How do I add late fees for rental properties that are different amounts?
We have several rental home with all different rent amounts, I have set up and memorized the monthly rent, but how can I add late fees without having to enter and calculate each one each time?

You are probably invoicing for rent already (that’s how we teach it, and do it ourselves), and then those invoices are memorized. Great.

Late fees are simple, although you’ll need to decide if it is a fixed fee or a percentage of rent. Set this up in your preferences. (Edit > Preferences…, or similar for mac / online users)

How do you do this? Use the Assess Finance Charges feature. Set a grace period, and then “Assess Finance Charges.” Each property’s invoice is different, so based on your preferences, each property’s finance charges will be calculated uniquely.

Note: some landlords choose to manually enter late fees, so that they get to review each tenant before charging them, in case special arrangements were made.

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Q&A: Rent to Own in QuickBooks

If you’ve signed up a tenant with a rent to own structure, there are unique requirements for recording the transactions. Here’s a recent question from Gloria.

How do i book rental income that is no longer rent but going to be payments for a purchase of property for 250,000 tenant pays 3500.00 a month towards payment?

Create a receivable? Chart of accounts “options to purchase” Asset? Help …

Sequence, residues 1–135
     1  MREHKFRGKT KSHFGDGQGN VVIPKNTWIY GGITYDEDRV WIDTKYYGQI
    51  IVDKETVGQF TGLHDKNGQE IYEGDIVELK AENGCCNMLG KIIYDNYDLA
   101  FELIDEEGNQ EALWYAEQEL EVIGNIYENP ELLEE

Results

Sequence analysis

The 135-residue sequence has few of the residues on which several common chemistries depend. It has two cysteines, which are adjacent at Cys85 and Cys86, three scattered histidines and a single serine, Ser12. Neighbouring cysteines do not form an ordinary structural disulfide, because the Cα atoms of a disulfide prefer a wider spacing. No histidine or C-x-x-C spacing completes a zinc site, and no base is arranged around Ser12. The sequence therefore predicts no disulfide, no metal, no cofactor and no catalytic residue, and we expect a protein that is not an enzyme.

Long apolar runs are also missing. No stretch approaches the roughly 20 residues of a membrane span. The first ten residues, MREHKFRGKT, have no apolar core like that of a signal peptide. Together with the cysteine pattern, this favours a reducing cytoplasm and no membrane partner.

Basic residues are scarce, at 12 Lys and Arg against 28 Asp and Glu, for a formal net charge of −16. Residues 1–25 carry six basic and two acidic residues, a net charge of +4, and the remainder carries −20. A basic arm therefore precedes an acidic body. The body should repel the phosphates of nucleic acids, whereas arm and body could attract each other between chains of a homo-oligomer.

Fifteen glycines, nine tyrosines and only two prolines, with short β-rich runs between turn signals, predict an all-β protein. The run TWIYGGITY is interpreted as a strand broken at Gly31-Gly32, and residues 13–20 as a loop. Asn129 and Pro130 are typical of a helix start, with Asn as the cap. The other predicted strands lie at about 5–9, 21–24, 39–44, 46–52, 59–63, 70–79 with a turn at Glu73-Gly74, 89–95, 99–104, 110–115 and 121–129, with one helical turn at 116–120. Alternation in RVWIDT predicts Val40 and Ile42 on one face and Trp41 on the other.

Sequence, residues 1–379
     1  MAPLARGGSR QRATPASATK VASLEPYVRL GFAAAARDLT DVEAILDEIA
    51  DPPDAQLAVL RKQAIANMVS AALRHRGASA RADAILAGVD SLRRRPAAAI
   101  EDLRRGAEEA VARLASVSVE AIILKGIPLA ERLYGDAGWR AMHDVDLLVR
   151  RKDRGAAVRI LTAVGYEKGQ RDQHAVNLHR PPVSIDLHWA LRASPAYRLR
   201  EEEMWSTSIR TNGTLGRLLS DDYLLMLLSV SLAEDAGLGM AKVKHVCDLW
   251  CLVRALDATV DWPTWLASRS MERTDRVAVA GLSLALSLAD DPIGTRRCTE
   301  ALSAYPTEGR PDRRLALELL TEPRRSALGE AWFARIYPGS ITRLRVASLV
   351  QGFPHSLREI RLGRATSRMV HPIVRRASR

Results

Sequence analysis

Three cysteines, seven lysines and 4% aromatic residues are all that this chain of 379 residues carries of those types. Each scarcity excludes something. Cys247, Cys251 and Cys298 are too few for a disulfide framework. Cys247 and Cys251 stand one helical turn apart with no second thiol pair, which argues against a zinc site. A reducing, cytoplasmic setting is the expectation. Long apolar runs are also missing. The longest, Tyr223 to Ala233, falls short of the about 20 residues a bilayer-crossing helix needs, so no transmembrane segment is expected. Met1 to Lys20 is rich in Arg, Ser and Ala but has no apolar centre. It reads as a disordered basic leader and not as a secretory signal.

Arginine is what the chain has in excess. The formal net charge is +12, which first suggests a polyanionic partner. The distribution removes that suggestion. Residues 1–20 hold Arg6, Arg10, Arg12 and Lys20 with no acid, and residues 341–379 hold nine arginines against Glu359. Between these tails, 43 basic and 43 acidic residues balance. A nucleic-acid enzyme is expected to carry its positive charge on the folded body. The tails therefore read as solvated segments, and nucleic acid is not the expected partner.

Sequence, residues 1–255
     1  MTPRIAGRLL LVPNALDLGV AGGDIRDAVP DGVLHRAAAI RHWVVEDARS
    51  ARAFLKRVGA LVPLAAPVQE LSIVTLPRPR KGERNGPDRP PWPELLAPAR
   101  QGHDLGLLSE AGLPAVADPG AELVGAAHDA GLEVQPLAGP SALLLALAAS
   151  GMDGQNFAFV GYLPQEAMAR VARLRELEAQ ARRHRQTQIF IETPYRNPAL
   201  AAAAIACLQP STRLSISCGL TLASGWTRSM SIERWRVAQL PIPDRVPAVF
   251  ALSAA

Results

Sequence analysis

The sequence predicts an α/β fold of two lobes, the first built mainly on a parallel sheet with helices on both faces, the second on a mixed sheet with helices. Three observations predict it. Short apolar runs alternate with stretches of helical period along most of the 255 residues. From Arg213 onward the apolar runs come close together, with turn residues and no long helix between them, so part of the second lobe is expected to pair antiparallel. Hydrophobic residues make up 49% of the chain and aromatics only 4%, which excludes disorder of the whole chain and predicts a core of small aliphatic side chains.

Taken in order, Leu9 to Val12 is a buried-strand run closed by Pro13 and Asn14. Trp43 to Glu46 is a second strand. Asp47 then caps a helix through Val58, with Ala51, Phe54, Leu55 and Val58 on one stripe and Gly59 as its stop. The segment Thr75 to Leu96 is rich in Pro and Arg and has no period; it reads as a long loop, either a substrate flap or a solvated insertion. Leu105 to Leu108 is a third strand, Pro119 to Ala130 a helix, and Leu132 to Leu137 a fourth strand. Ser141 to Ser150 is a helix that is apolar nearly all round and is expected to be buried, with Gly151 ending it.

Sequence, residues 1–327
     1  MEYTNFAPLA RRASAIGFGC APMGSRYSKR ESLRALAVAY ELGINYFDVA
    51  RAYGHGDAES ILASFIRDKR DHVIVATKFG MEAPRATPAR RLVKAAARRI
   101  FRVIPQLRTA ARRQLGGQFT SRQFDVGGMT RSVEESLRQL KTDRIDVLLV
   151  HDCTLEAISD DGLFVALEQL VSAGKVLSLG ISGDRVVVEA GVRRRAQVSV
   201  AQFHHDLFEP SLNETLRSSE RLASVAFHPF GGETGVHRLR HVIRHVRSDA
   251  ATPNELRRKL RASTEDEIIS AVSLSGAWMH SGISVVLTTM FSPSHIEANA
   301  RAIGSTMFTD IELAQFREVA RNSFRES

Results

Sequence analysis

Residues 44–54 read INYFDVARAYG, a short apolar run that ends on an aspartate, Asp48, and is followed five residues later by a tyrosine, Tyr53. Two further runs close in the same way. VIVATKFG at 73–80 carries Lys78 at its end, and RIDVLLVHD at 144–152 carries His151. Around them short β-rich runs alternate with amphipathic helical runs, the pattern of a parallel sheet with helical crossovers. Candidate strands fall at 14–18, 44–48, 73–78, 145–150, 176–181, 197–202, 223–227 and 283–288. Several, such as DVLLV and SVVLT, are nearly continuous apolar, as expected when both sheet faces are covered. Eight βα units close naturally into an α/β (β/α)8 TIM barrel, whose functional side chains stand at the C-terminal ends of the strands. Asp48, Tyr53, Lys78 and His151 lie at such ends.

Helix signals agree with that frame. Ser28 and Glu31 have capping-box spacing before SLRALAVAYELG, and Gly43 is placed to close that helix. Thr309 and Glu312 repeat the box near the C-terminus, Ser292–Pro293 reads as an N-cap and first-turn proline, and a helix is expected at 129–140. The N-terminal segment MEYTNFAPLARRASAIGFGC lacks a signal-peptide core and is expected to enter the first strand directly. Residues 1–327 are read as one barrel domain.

Great question. This can be complicated, and we recommend you work with an advisor.

Rent to own, or an Option to Purchase, is a contractual agreement between buyer (lessee) and seller (landlord). The buyer purchases an option to buy the property later. In your books, that will be recorded in a liability account (just like security deposits). Buyer and seller likely decide on a purchase price then, or let it fluctuate with the market. Traditionally, a price is agreed upon in the option. Both parties negotiate the terms, and the buyer (lessee) has exclusive rights to purchase the property during that time period. If the buyer eventually buys it or not, the option to purchase is non-refundable. Then, each month as the lessee pays rent, a portion of that goes into the purchase price. Over time, they “prepay” for the purchase, in addition to pay rent.

The initial option payment is not income until the renter exercises the option, or forfeits the option and leaves. So the initial deposit of the option payment posts to a liability account “Option – 123 Main St.”

Then, monthly payments often are counted towards a future purchase of the property. For a $1200 rent check, it could post like the following journal entry:

Cash Dr $1200
Option – 123 Main St  Cr. $100
Rental Income  Cr. $1100

Sometimes in option agreements renters also need to pay property tax and insurance. It is the same as if you were paying to an escrow / impound account when you get financing from a bank. In the above option, it would decrease the rental income, and credit another liability account for Impound.

This is just a start, there are other things you still need to consider such as if the tenant surrenders the option, or exercises it.

Great question – you were on the right track asking this question. We look forward to a followup in the comments below.

Order our full training on managing properties in QuickBooks today. It comes with a money back guarantee. And thousands of customers love it (read testimonials ♥).

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Rental Management in QuickBooks?